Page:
What is the average amount of credit card debt carried by recent graduates?
After four years of books, studying, and endless exams, the last thing a college graduate wants to think about is repaying their debt.
And while many grads carry student loan debt, even more college students are entering the workforce with credit card debt.
Although a credit card is a powerful financial tool that can help you grow your credit score while you’re in school, if you’re unable to pay off your balances in full, it can lead to financial distress.
Here’s a look at the average credit card debt for college students.
College students and credit card debt
On average, college student credit card debt equals roughly $3,280, according to a recent survey by CollegeFinance.
In fact, the survey found that over 64.8% of college students carry some type of credit card debt. College students were found to have more than two credit cards, on average.
Of the participants surveyed, 44.7% said they only make the minimum credit card payment each month, which can lead to substantially higher interest payments.
And, 37.6% admitted to missing a payment—a credit card faux pas that can damage your credit report and make it more difficult to get approved for a new credit account, car loan, or apartment post-college.
What are college students using credit cards for?
According to the survey, the top credit card spending category for college kids was online shopping (70.1%).
Credit cards make it easy and convenient to shop right from your phone or laptop, but as the survey shows, this ease of use might quickly lead to overspending.
Approximately 50% of college students use their credit cards for dining expenses, followed by gas charges (44.4%).
When do college students get their first credit card?
Most college students tend to get their first credit cards in their sophomore year.
According to the survey, most college students were 19.7 years old when they got their first credit card, but many parents wish their kids received their card even sooner, at 17.7 years old.
While parents might help their children get a credit card before they’re 18 by adding them as an authorized user on their acount, more than half of all survey participants said they applied for their first credit card on their own.
Only 31.5% said a parent or guardian helped them obtain their first card.
Why college students get credit cards
Since a credit card is one of the easiest ways to establish a credit history and begin working on your credit score, it’s often a motivator behind applying for a card.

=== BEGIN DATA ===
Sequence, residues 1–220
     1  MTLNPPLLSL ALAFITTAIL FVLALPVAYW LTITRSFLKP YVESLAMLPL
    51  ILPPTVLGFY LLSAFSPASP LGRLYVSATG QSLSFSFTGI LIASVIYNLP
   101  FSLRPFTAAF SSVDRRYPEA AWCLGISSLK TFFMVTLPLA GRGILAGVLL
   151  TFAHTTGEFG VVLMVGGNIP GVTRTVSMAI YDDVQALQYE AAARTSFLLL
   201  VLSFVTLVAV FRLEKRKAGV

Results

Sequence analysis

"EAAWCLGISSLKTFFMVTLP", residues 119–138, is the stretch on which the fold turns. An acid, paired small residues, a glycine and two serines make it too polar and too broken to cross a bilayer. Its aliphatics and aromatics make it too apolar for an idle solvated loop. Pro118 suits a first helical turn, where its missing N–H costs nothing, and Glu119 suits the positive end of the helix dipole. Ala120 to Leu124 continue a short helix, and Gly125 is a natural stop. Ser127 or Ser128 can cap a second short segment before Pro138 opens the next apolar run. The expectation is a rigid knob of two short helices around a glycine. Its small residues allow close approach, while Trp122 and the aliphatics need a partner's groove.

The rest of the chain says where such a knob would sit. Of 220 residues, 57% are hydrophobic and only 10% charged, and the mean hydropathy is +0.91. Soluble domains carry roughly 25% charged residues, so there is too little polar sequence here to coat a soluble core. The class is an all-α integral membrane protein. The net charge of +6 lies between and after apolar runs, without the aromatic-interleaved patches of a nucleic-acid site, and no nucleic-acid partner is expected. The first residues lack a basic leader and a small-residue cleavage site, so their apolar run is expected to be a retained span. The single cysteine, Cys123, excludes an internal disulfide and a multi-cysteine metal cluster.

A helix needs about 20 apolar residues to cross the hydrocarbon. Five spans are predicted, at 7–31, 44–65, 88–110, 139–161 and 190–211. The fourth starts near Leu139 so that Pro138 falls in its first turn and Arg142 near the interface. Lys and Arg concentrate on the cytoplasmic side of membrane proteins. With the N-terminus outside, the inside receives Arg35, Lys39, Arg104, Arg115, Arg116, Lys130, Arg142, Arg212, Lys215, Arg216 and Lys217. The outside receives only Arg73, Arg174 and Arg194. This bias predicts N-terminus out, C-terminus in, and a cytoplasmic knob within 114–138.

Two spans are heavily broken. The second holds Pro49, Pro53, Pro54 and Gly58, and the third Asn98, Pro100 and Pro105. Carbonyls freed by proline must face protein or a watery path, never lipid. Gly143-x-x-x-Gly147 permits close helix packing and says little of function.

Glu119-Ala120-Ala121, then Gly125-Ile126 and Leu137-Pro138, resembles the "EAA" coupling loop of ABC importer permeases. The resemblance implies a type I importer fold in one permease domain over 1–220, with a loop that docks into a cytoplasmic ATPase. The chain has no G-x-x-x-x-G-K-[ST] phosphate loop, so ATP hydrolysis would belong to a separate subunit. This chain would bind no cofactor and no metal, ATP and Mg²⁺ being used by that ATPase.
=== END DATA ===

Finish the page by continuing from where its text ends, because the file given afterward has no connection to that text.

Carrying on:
But 56.7% of college students said they got a credit card simply because they wanted one. A little over 52% said they applied for a credit card to build credit, and 35% got a card to establish good credit habits.
Only 23.7% said they got a credit card to help cover the cost of emergencies. However, 57% reported using their credit cards for emergencies only.
How college students pay their credit card bills
When it comes time to make a payment on their credit card, 65.3% of college students said they pay their credit card balances on their own, without financial help from parents or guardians.
21.3% of college students said their parents pay their credit card bills, while 12.1% split the bill with their parents.
More than half of the participants admitted to getting in trouble with their parents for a credit card purchase.
Bad credit card habits of college students
While more than 35% of Americans carry a credit card balance from month to month, the number of college kids carrying a balance may be higher.
Approximately 38.7% of college students reported habitually paying their credit card bills late, and 27.9% reported overusing their credit cards.
Parents who were surveyed reported that their children habitually pay late 44% of the time, and overuse their card 32.5% of the time—showing the data is slightly skewed depending on whether the college student or parent is answering.
Missing a credit card payment can hurt your credit score, lead to higher APR charges and penalty fees, and make it even harder (and more expensive) to pay off your credit card debt.
Yet, 55.1% of college students said they didn’t think missing a payment would have a large impact on their finances.
Good credit card habits of college students
Not all college students with credit card debt fall into cycles of late payments or overspending.
Approximately 52% of college students reported paying their credit cards on time, and 47.5% said they always pay more than the minimum. Additionally, over 40% of college students said they stick to a budget, and 31.8% said they stay well below their credit limit.
Paying your card on time and staying below your credit limit are good ways to grow your credit score. If you can, pay your balance in full to avoid interest.
Keeping your spending below 30% of your credit limit can keep your credit utilization ratio — the amount of credit you use versus your total credit limit — low, which accounts for 30% of your credit score.
The bottom line
Developing healthy credit habits while you’re in college can set you up for financial success after graduation.
Using your credit card like a debit card — paying off your charges in full each time you use your credit card — is one way to ensure you don’t overspend and always pay your card on time.
Especially if you’re graduating with other types of debt, like student loans or car loans, avoiding credit card debt can keep more money in your bank account when you head into the workforce.